He watched the Buffett/Gates special that they had on CNBC with me a few weeks ago and was asking how they got so rich -- that's kind of where this interest in stocks came from. He wants to be a scientist/inventor, and he might potentially make a good entrepreneur one day. We have talked quite a bit about the benefits/risks of working for yourself versus working for someone else.

Point well taken about a "virtual account" approach -- that does make sense, though knowing his personality it would be more interesting/compelling for him if real money was involved.

The investment competition thing is an interesting possibility -- not sure if any of them are open to kids overseas. I could potentially propose starting something like that as an after-school activity if there are other budding investors at his school.

Junior Achievement is expanding in China, and that would be an interesting angle to pursue when he is a bit older, to develop business skills.

I'm actually kind of excited to have someone else in the family interested in financial issues -- DH is always happy when I report out net worth growth, but his eyes start to glaze over a bit when I get into more detail.
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Old 01-02-2010, 09:35 AM   #5
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I'd spend some time talking about what companies do, what their costs are, and what their profit margins are. When you buy stock, you are buying ownership in a company. I'd worry that treating stocks as a "black box" could convey the wrong message...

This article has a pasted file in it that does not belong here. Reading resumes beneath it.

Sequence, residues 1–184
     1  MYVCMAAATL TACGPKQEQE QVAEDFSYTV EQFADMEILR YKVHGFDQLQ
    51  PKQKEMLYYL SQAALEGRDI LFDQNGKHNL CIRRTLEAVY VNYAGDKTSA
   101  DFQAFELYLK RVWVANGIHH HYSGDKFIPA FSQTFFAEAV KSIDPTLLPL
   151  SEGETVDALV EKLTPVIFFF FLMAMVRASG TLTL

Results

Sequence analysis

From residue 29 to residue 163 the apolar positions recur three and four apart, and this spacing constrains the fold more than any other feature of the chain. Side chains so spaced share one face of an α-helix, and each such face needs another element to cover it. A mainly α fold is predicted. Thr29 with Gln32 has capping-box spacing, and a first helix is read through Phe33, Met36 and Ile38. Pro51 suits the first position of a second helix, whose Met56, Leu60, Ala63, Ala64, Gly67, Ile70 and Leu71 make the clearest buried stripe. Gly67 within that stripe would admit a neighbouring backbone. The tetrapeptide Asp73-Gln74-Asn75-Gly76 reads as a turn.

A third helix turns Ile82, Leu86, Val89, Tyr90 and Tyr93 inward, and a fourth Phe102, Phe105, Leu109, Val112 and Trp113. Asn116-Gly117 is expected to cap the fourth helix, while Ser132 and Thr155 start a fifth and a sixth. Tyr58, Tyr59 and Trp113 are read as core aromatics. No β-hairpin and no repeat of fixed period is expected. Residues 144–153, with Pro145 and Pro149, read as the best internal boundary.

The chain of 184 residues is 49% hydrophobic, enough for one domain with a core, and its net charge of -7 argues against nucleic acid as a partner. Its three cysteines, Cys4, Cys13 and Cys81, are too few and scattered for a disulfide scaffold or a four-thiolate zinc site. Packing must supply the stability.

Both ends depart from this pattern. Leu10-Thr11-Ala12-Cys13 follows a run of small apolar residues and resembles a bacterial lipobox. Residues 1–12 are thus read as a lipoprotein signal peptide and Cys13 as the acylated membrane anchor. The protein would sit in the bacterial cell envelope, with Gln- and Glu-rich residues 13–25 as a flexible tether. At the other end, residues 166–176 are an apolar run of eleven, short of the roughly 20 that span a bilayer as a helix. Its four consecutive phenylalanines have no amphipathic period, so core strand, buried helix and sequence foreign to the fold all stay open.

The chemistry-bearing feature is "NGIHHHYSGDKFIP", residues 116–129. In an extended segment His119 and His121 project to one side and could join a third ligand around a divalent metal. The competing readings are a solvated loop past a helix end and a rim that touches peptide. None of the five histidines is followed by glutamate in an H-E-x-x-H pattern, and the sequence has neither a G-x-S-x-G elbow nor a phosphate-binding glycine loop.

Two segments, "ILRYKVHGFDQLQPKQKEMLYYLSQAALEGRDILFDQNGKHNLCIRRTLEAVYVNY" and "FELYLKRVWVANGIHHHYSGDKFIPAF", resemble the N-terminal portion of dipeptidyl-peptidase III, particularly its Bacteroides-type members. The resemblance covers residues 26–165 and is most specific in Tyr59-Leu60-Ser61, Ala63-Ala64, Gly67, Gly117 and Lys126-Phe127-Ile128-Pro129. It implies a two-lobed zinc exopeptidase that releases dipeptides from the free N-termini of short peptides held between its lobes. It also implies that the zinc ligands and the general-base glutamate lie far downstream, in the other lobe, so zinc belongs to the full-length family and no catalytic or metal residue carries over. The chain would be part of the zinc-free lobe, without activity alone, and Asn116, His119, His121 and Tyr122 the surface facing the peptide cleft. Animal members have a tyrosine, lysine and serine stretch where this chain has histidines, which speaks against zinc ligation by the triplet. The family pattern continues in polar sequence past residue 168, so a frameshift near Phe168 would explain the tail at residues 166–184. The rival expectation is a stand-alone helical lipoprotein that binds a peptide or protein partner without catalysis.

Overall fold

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Old 01-03-2010, 05:57 AM   #6
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I'd spend some time talking about what companies do, what their costs are, and what their profit margins are. When you buy stock, you are buying ownership in a company. I'd worry that treating stocks as a "black box" could convey the wrong message...
He knows quite a bit of this stuff, at an 8yo level. We have already had quite a few conversations about economics and finance, and he is really interested in learning more. He was thrilled when I told him that he might just be in a position to start investing at a younger age than Buffett! We went briefly through the Wikipedia entry on him because DS was interested in learning how he started his first business, etc. We also talked about what happened when his dad and I bought our first individual stocks in late 2000 (just pre-crash) and the fact that our portfolio included some choices that turned out to be good (Ebay, Microsoft), some that were only mediocre (Intel, Dell) and one that was crash and burn (Worldcom). He is really interested about how companies work, how stock works, and how you make money in the market. He has some funny ideas -- a few weeks ago he said he doesn't want to be the boss of a company because the boss has to pay everybody else out of their salary, so they earn less. I guess that isn't so far off, if you are talking about an ethical business that doesn't just skim all the cream off the top! But it opens the door for talking about other ways that business owners make money besides salary -- stock options, profit sharing, deferred compensation, etc.

Secondary question: are there any good books out there for kids that explain economics and finance? He is reading at a fairly high level for his age, but probably still needs something a bit stepped down.

BTW, thanks again for all the feedback -- helps to have someplace to bounce these ideas around!

lhamo